The Platinum Metals in Electronics
The Platinum Metals in Electronics
Key Area for Growth and New Technology
The sophistication possible with modern electronic and microelectronic devices depends ultimately on the materials from which they are made. The platinum metals have assumed a vital role in electronics at every stage in its evolution. They are found in both thin and thick film devices which together constitute the backbone of electronic manufacturing technology and overall this area represents one of their main applications in terms of metal consumption.
The platinum metals have been associated with the electrical and electronics industries for almost as long as the metals themselves have been refined and fabricated. For many years it was their unsurpassed metallurgical properties that accounted for their widespread application, particularly in electrical contacts and in various electrode systems. However the 1970s, which saw the beginning of the microelectronics revolution, changed the need for the platinum metals but in no way made them redundant. Instead it opened up a range of new applications. For example, the need for low-current contacts gradually diminished as electronic switching progressed, but on the other hand the requirement for materials for the new microelectronic devices produced a high-technology impetus for the platinum metals. It is their use in electronics which is reviewed in this paper and an overview of the total picture is given by taking specific examples of their application; some are shown in Figure 1.
Current world demand data for the platinum metals in electronic applications is summarised in Figure 2. It shows that the commercially important metals are ruthenium and palladium, and that in both these cases microelectronics accounts for large percentages of individual demand. If broken down according to geographical region, the data show a bias towards ruthenium in Japan and towards palladium in the U.S.A. Although only 3 per cent of total demand for platinum itself is due to electronic applications, this still corresponds to several tonnes of metal. In this case the U.S.A. accounts for the majority of sales. Rhodium and iridium are involved mainly in ancillary applications such as crystal growing.
Present and Future Applications
The platinum metals are found in practically every facet of electronic technology and examples of their application are given in Table I. Some of these have been commercially important for nearly twenty years while others are still at the research and development stage. The major electronic applications in terms of absolute metal consumption are undoubtedly thick film resistors, thick film conductors, multilayer ceramic capacitors (MLCCs) and connectors. The first accounts for the majority of ruthenium usage and the remainder for the majority of palladium usage. Connector technology—where palladium is used as a cost-effective substitute for gold—has been reviewed recently in this journal (1) and is therefore not discussed in this paper. Thin film technology offers the greatest diversity of applications for the platinum metals. They are found in all aspects of the technology from sensing to signal processing and display, and as they give rise to the basic response of the particular devices they are often irreplaceable. They are also widely used during the manufacture of electronic materials. For example, the accurate temperature control of diffusion furnaces is accomplished using platinum metal thermocouples. High-purity single crystals of many specialised electronic materials including lithium niobate, gadolinium gallium garnet and yttrium aluminium garnet are grown from the melt and non-contaminating, heat resistant containment materials are required. Often the only satisfactory containers are crucibles made from the platinum metals—normally platinum, iridium or alloys thereof depending on the melting point of the particular oxide.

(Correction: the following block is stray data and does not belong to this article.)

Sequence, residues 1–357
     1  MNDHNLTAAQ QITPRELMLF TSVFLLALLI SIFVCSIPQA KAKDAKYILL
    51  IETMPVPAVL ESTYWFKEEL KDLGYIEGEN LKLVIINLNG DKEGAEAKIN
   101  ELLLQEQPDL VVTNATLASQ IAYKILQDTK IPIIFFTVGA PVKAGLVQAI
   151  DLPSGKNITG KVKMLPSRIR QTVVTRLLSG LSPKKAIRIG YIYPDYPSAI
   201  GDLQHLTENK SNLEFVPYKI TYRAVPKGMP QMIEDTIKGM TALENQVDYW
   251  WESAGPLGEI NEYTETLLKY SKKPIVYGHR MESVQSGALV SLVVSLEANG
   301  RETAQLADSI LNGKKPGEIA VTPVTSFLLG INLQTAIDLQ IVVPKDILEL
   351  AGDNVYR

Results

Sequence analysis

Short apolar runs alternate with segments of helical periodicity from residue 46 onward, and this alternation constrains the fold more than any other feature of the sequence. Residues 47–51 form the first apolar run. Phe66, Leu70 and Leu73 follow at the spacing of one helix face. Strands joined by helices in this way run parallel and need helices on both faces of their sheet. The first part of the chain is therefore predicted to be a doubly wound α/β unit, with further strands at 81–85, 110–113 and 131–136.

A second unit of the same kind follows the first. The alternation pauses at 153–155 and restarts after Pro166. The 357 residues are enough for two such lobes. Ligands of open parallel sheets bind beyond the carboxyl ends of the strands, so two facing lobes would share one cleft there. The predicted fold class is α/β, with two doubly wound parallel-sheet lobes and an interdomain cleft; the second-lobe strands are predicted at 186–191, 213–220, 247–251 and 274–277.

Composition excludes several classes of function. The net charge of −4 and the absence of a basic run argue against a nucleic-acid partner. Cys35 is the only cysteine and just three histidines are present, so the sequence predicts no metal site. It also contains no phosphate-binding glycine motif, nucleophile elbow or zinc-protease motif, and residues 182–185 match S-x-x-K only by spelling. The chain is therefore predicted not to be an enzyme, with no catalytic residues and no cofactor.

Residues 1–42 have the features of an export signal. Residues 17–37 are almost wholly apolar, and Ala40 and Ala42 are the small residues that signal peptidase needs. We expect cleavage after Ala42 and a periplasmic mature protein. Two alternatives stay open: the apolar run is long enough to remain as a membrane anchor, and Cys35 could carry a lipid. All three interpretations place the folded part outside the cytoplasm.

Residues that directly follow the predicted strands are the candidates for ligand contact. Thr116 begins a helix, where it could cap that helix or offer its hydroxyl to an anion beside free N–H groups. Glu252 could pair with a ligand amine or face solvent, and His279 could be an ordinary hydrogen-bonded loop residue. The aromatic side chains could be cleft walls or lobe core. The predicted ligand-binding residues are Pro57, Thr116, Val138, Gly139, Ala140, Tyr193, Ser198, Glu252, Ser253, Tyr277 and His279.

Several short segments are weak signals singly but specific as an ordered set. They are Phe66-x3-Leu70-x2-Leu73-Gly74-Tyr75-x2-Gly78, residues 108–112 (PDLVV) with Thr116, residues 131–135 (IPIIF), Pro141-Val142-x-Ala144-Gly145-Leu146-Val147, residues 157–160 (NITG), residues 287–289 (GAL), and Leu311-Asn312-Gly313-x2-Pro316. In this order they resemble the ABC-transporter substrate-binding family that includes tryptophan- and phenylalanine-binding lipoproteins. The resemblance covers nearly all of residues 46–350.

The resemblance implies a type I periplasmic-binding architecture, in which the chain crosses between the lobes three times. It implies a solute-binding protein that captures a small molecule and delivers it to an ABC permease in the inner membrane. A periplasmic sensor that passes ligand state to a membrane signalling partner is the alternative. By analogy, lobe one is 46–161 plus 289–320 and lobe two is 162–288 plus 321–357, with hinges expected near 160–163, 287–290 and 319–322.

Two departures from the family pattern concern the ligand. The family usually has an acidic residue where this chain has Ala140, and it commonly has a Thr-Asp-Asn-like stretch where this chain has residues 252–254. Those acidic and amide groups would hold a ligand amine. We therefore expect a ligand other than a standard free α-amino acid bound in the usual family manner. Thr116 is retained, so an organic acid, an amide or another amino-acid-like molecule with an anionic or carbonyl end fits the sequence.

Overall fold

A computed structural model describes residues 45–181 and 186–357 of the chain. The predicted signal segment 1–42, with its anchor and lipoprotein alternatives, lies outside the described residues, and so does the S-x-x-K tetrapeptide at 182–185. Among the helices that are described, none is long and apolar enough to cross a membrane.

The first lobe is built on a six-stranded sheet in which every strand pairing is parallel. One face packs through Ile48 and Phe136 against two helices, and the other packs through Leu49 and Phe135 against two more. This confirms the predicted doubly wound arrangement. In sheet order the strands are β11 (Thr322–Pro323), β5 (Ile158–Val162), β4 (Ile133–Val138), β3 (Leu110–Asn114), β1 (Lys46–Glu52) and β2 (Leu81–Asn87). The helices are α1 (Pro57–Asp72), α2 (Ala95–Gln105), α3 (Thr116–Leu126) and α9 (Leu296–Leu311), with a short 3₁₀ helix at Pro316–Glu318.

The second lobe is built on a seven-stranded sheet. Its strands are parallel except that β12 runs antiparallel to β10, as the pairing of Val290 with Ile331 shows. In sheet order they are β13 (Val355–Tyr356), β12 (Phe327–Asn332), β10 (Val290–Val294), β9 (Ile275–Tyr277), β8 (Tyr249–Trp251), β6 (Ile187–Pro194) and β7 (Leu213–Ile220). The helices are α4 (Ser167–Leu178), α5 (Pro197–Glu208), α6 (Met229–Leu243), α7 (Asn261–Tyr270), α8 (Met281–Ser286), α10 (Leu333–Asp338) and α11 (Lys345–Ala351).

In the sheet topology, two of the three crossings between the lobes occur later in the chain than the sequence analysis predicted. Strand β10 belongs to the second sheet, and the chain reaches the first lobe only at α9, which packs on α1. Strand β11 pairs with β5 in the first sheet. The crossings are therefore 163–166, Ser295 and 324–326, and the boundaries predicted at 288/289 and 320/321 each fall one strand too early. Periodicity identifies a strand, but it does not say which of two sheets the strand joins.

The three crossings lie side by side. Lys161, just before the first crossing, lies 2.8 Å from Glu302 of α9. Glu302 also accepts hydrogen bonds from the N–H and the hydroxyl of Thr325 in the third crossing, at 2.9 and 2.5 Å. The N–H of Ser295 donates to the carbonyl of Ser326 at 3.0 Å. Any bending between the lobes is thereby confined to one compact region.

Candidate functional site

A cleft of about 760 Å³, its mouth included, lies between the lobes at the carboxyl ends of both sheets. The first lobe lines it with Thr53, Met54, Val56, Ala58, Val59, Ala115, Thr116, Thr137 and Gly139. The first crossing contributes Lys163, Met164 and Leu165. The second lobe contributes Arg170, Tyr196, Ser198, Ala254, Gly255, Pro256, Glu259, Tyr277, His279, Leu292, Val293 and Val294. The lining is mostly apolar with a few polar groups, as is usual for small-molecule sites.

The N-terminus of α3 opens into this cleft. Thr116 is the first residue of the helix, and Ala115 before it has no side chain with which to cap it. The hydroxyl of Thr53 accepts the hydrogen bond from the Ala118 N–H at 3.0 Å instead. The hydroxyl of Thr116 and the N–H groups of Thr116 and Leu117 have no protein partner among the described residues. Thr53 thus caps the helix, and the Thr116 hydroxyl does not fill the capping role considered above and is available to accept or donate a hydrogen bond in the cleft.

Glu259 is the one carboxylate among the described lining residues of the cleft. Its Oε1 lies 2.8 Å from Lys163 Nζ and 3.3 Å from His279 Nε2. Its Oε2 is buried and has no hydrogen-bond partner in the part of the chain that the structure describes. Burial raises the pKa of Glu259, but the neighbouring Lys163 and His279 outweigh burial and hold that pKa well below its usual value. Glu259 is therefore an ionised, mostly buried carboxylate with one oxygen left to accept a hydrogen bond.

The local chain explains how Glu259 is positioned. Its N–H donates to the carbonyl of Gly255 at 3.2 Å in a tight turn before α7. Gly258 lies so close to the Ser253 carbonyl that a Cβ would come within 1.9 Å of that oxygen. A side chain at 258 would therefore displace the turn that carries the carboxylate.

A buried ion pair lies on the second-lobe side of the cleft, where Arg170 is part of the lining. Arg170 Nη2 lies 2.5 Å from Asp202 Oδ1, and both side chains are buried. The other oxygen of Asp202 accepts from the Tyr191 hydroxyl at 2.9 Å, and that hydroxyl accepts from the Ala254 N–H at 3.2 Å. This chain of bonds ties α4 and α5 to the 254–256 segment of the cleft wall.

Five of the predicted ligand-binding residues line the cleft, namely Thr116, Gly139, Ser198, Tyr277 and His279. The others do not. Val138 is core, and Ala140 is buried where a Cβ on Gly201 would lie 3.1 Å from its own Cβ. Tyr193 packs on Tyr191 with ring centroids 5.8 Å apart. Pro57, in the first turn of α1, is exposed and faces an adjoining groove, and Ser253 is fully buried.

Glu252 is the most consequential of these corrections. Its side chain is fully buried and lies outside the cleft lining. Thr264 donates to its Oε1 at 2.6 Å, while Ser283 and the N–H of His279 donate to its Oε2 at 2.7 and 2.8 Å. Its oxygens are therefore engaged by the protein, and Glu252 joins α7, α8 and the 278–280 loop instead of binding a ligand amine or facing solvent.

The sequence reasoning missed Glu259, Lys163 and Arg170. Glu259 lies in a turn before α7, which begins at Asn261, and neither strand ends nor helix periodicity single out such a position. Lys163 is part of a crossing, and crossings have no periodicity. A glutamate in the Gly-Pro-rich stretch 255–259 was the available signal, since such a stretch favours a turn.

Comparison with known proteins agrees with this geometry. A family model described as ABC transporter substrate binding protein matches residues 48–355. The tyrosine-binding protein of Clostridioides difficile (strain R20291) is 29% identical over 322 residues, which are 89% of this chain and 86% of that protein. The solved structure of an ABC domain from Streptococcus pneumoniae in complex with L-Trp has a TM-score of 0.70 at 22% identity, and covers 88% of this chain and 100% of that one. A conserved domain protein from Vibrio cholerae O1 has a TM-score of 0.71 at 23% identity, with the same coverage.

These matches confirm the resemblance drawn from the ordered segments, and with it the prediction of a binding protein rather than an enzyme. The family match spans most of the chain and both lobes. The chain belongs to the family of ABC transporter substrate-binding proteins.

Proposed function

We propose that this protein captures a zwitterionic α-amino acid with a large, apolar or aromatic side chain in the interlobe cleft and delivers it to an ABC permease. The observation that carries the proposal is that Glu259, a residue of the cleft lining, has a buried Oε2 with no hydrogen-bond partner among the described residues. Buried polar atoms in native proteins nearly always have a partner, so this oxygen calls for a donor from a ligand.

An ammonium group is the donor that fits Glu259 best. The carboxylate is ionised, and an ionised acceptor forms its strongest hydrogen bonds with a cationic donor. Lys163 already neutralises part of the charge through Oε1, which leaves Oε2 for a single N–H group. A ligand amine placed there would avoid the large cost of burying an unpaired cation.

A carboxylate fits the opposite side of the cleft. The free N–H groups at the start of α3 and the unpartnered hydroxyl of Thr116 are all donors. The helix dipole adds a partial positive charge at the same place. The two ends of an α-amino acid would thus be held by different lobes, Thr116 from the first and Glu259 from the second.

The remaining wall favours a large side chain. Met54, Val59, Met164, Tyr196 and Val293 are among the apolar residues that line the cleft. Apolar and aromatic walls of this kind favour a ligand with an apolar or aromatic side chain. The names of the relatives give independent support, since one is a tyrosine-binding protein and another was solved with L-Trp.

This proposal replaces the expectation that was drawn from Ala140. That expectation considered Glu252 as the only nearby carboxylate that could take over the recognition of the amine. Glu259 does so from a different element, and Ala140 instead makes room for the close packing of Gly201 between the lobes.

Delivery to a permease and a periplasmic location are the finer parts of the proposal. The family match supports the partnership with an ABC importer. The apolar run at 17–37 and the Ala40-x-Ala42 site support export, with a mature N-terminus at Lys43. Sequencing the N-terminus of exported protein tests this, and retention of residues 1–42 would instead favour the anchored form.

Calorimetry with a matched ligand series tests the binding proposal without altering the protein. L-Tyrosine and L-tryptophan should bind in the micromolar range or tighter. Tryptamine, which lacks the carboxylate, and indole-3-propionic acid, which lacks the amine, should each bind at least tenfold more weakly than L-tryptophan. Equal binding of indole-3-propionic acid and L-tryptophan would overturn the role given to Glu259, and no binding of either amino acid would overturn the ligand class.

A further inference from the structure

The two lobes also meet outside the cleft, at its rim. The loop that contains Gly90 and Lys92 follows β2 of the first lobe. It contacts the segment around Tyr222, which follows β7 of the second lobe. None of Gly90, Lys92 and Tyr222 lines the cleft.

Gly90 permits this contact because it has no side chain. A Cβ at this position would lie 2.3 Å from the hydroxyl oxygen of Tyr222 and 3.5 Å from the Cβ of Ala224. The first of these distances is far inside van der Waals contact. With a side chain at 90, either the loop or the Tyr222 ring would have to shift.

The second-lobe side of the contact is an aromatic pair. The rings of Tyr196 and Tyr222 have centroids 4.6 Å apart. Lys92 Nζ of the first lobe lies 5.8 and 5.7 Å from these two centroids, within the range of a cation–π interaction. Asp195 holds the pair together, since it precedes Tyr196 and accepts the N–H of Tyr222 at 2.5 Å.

Thin Film Technology
Thin film technology involves the fabrication of circuits by vacuum deposition processes such as evaporation, chemical vapour deposition or sputtering. The process produces thin films of conductive, resistive, insulating or semiconducting materials, and allows active semiconductor devices as well as passive components to be fabricated at a circuit density orders-of-magnitude above any other technology. The main application areas of the platinum metals as thin films are in sensing, display and integrated circuit (IC) technology. This section discusses the advantages of platinum metal silicides for both ICs and optical storage media and also describes various gas sensors and electrochromic displays.
There is great interest in the use of platinum silicide in silicon IC technology. As a metallisation material—for providing both ohmic low resistance contacts to silicon and rectifying contacts (Schottky diodes)—platinum silicide has low resistance and high stability in subsequent processing conditions (2). The material is particularly important in the fabrication of bipolar ICs where the metallisation is largely determined by the need to form Schottky diodes with stable and reproducible characteristics. The silicide layer is formed in situ by sputtering a thin platinum layer (∼40 nm) onto the silicon surface followed by sintering at 650°C. Silicides of the platinum metals may be exploited in other ways, for example, exploratory work at I.B.M. has demonstrated that they could be used as long-term archival optical storage media (3); a low power laser being used to induce local silicide formation in a platinum metal-silicon bilayer structure. From the systems studied to date, rhodium-silicon appears to be the most promising due to its relatively low writing power and excellent archival properties. I.B.M. are also working on the use of platinum silicide conductors in complementary metal oxide semiconductor (CMOS) structures (4) and thin film on-chip decoupling capacitors whose electrodes are based on platinum-refractory metal intermetallics (5).